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  #11  
Old 04/16/11, 10:11 PM
 
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Aw well I guess it'll have to grow naturally on my property interspersed between similar looking plants. Super silver haze, afghan kush, and white widow, bump that ruderalis stuff, only the best for these goats.


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Originally Posted by CaliannG View Post
Cannabis ruderalis grows naturally and along railroad tracks all through the midwest

But yes, they will still lock a brother up if they find it growing wild. You'll probably get out of it as long as the lab comes back with the species being cannabis ruderalis.... since the only thing you will get from smoking it is a headache.

But if the lab finds it is cannabis sativa or cannabis indica, then a brother's gonna do some time. And yes, a simple gas spectrometer will allow them to know what kind it is.... and those are available for $600 on e-bay, nearly every department can afford one.

Just trying to be helpful and keep a brother from getting dissed by da MAN.
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Old 04/16/11, 11:59 PM
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Quote:
Goat's favorite forages, fodder, etc
Anything you don't want them to eat.
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Old 04/17/11, 12:02 AM
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Originally Posted by LearningLife View Post
I would have second thoughts about adding kudzu. I have heard that goats really like it, but unless you have A LOT of goats to control it, it can take over your landscape, killing many of your other plants. There are whole stands of trees around here that are just dead wood now standing completely covered in the stuff.
Not only that, but in many southern states it is considered a noxious weed and it is forbidden to grow it intentionally.
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Old 04/17/11, 12:12 AM
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Originally Posted by IMContrary View Post
Anything you don't want them to eat.
Exactly.
Anything you want to keep and don't want them to touch, is their favorite food. Like grape vines, fruit trees, perennial flowers, etc
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  #15  
Old 04/17/11, 01:00 AM
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Oh. They are quite fond of peas.

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  #16  
Old 04/17/11, 01:01 AM
trail ahead-goats behind
 
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Oops, strike the flax. While the seeds are edible it seems the green plant can cause upset do to acid content.

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  #17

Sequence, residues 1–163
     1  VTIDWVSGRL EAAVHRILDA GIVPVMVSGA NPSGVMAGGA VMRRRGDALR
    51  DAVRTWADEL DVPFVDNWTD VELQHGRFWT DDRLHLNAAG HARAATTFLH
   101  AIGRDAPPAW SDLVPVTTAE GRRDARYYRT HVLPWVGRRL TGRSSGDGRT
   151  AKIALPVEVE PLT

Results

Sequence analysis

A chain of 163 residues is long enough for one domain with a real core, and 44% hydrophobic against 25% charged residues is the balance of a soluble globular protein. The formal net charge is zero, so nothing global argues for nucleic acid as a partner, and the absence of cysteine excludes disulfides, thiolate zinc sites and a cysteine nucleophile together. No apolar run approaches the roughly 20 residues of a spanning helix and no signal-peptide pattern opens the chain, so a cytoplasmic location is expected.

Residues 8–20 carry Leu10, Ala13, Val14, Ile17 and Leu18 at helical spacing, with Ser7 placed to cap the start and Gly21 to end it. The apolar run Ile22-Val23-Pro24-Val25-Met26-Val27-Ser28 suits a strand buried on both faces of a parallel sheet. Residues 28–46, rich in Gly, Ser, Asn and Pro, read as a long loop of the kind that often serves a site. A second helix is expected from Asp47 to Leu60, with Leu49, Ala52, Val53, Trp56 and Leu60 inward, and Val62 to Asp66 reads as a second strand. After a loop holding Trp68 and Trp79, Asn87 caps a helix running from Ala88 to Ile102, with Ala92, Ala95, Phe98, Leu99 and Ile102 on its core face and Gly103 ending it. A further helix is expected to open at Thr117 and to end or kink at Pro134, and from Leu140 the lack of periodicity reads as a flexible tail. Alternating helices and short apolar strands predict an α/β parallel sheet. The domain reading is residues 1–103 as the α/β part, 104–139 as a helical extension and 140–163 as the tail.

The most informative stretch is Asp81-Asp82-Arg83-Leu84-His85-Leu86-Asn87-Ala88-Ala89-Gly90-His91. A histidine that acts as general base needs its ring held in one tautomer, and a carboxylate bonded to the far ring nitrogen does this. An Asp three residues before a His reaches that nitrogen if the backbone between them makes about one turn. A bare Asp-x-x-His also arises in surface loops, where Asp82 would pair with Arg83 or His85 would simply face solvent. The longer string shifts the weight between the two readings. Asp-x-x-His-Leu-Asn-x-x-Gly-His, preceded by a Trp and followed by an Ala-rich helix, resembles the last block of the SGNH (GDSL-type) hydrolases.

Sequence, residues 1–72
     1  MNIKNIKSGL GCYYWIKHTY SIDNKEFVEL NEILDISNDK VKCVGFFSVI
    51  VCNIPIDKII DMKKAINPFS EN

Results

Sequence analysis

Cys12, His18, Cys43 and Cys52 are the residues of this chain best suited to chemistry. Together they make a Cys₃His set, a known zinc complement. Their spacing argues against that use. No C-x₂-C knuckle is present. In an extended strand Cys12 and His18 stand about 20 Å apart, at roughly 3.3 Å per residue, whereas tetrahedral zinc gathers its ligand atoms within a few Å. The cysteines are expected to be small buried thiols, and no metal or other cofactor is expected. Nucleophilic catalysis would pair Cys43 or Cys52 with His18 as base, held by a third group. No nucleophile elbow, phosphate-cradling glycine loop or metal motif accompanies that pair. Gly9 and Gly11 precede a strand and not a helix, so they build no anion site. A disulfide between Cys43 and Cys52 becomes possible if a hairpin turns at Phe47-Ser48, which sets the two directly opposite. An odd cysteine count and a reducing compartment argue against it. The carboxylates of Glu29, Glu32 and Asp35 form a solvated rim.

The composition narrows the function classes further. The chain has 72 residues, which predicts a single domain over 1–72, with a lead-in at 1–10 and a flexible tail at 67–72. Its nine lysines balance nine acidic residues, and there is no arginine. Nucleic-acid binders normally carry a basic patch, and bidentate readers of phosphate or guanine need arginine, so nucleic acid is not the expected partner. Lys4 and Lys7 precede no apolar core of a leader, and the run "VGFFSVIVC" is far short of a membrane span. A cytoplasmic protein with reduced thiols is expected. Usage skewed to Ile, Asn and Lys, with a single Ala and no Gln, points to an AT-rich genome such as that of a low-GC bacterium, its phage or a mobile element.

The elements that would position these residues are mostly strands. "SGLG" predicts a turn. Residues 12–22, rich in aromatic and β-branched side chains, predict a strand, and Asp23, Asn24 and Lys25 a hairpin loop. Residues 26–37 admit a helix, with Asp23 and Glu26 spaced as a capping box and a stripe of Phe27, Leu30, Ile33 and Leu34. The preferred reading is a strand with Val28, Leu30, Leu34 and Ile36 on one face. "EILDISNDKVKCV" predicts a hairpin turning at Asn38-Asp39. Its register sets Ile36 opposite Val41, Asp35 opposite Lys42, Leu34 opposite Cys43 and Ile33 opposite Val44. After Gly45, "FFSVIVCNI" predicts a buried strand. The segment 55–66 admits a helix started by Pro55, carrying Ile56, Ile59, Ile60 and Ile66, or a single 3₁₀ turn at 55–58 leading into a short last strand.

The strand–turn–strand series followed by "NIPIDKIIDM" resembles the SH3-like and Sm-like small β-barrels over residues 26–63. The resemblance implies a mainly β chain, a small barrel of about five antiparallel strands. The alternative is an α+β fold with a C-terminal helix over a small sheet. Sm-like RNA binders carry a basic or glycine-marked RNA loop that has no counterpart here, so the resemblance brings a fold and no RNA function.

Old 04/17/11, 06:29 AM
 
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Calendula are good for them too and an easy annual.

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  #18  
Old 04/18/11, 02:22 AM
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Quote:
Originally Posted by chancehayden View Post
Gotcha, mulberries, pecans, serviceberries, and marigolds will all work exceptionally well on the permaculture farm in my mind. As far as the kudzu, my plan is to build something for the goats to climb on in each pasture portion of each paddock and on a few of these stands plant the kudzu all around it. That way I can just mow around the stands to control it. Either this or plant it along a few of the fences. I'm expecting to do a few hours a week of machete work as part of my exercise routine.

Keep the plants coming! Hopefully I'll have enough to provide the goats with a wide variety of food choices at every paddock rotation.
I heard a good one at a permaculture course lately: "work is a failure in design" So maybe leave the kudzu out and let the goats do the machete work for you! I have heard similar reservations about sea buckthorn...still cogitating on it for our situation.
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  #19  
Old 04/18/11, 08:59 AM
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Mine aren't keen on velvetleaf, or amaranth, if you mean what we call "red-root pigweed". They do eat burdock and have completely cleared all the milkweed out of my pastures. They won't eat cockleburrs - that's the one weed I have to go root out manually.

Oh, and one of my bottle kids pretty much ate down the rhubarb patch last year. I've also seen the kids eating deadly nightshade.

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  #20  
Old 04/18/11, 12:54 PM
 
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Quote:
Originally Posted by LearningLife View Post
I would have second thoughts about adding kudzu. I have heard that goats really like it, but unless you have A LOT of goats to control it, it can take over your landscape, killing many of your other plants. There are whole stands of trees around here that are just dead wood now standing completely covered in the stuff.
Kudzu is not really that hard to control. When I lived in Alabama it grew all around us, but we never had problems with it in our yard or on our trees, as long as you mow your lawn, you shouldn't have problems with it.